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14 Striped Birds (with Photos)

When you think of animals with stripes, the first thing that comes to mind might be zebras or tigers. But there are several bird species that feature stripes too! Whether bold or subtle, we’ve put together a list of 14 striped birds you can find in the United States. Stripes can be a great help when it comes to identifying a species, and once you learn about these birds you’ll know what to look for.

14 Striped Birds

While there are certainly more striped birds than we can list here, the 14 species of striped birds we will look at are the killdeer, black and white warbler, barred owl, downy woodpecker, song sparrow, red-bellied woodpecker, pine siskin, house finch, magnolia warbler, northern flicker, ladder-backed woodpecker, brown thrasher, yellow warbler, and white-crowned sparrow.

1. Killdeer

Killdeer | image by roamingowlsdotcom via Pixabay

Scientific Name: Charadrius vociferus

Killdeer live throughout most of the U.S. year-round. They are birds of the ground, which is where you’ll find them foraging for food. You’ll often see them scurrying along near the coast or in large gravel parking lots and construction sites. They are also known for their unique nesting habit, which involves laying their eggs on the ground in a shallow depression, often in open fields or gravelly areas.

The bulk of their body isn’t  striped, with a plain white belly and brown back. However when viewed from the front you will see two long black stripes that form rings around their neck. They also have a black stripe on the face that goes through their red eye, and when they spread their wings to fly, you can also see a long white stripe along black feathers.

2. Black and White Warbler

Black and white warbler on the ground
Black and white warbler on the ground | image by Andy Reago & Chrissy McClarren via Flickr | CC BY 2.0

Scientific Name: Mniotilta varia

It may be that no other bird embodies stripes as much as the black and white warbler. This is one of the most common and easy to spot warblers that visits the eastern U.S. in the summer. Males and females are both striped with bold black and white feathers.

They typically forage for insects on tree trunks and branches, using their sharp claws to cling to the bark while they search for prey. They move up and down tree trunks similar to the way a nuthatch moves. This behavior sets them apart from most other warblers which tend to forage in thick foliage, and makes them easier to spot.

3. Barred Owl

Image: 272447 |

Scientific name: Strix varia

The beautiful brown and white striped barred owl is found mainly in the eastern United States and Canada, although there are some that have a range in the Pacific northwest. They have a brown back mottled with white, and a white belly with long vertical brown stripes. Barred owls prefer mixed and mature trees near water, especially if there are large tracks of unbroken forest.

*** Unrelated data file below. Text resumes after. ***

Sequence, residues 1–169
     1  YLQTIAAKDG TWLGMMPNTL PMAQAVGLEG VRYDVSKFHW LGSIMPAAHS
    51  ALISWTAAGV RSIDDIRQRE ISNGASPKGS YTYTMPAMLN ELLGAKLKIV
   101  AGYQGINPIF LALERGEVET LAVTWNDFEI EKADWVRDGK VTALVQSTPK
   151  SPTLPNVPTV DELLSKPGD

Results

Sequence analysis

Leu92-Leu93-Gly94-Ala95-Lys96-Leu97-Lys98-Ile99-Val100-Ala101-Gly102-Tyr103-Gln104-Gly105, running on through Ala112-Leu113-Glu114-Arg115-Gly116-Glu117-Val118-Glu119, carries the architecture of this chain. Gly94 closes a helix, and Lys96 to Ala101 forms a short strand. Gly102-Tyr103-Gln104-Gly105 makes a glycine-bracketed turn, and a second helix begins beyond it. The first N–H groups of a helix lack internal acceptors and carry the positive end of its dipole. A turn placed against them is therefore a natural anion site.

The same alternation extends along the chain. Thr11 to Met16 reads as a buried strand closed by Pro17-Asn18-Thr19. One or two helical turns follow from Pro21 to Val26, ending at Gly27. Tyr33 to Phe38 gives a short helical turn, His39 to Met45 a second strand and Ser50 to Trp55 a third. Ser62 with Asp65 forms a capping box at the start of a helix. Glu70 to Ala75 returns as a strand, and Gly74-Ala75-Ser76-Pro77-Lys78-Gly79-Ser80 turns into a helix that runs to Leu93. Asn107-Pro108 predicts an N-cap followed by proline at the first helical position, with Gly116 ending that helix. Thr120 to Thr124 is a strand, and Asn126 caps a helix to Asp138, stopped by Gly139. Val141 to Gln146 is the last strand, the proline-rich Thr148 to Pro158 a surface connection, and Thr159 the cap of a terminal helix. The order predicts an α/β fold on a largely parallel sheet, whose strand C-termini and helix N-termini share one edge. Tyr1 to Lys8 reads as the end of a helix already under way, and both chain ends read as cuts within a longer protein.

You may spot them on a hike roosting in trees during the day. They are mainly nocturnal but can also be active in the morning and evening. Often they will sit quietly on a perch, swiveling their head around to listen for prey. Their loud and unique hooting call is described as 8-9 notes with a cadence of “who cooks for you? Who cooks for you-allllll?”. During courtship a mated pair will perform a duet of all sorts of hoots, honks, caws and gurgles.

4. Downy Woodpecker

Adult Downy feeds juvenile

Scientific Name: Dryobates pubescens

Downy Woodpeckers are the smallest woodpecker species in North America, and very abundant. They have a black and white striped face, and a black back with white spots so close together they appear as white stripes. Males have a red spot at the back of their head. They mainly eat various insects and beetles they find in tree bark, caterpillars, berries, acorns and grains. Downys are one of the most likely woodpeckers to visit a backyard feeder, enjoying both seeds and suet. They also have a sweet tooth, and many people catch them drinking nectar from hummingbird feeders! 

5. Song Sparrow

song sparrow
Song Sparrow | image by Brandon Trentler via Flickr | CC BY 2.0

Scientific Name: Melospiza melodia

Many sparrows can be described as “striped”, including the song sparrow. They are gray and brown with bold warm brown stripes on their head, chest, sides and back. They are very common across the United States and Canada. So common, that they have developed a lot of regional differences in their coloration, size and song. During spring and summer the males will perch on exposed branches and sing to attract mates and defend territory. And they sing a lot! Males and females search for places to nest together, and prefer to build hidden in tall grasses and weeds. Song sparrows will visit bird feeders and aren’t too afraid of nesting near humans. 

6. Red-bellied Woodpecker

Red-Bellied woodpecker
Red-Bellied woodpecker eating from a platform feeder (Image: Sheila Brown |

Scientific Name: Melanerpes carolinus

The red-bellied woodpecker lives throughout much of the eastern United States and is fairly common at feeders and in backyards. Though they are described as “red-bellied” you may first notice the bright red streak along the back of their heads, and their heavily striped black and white wings. They have a plain white breast with an area of pinkish-red lower down in their “belly” area which is often not visible. 

Red-bellied woodpeckers can stick their tongue out almost 2 inches past their beak. With a barbed end and sticky spit, they can lash their tongue out to snatch insects from hard to reach places. 

7. Pine Siskin

pine siskin at feeder
Pine Siskin | image by Courtney Celley/USFWS via Flickr

Scientific Name: Spinus pinus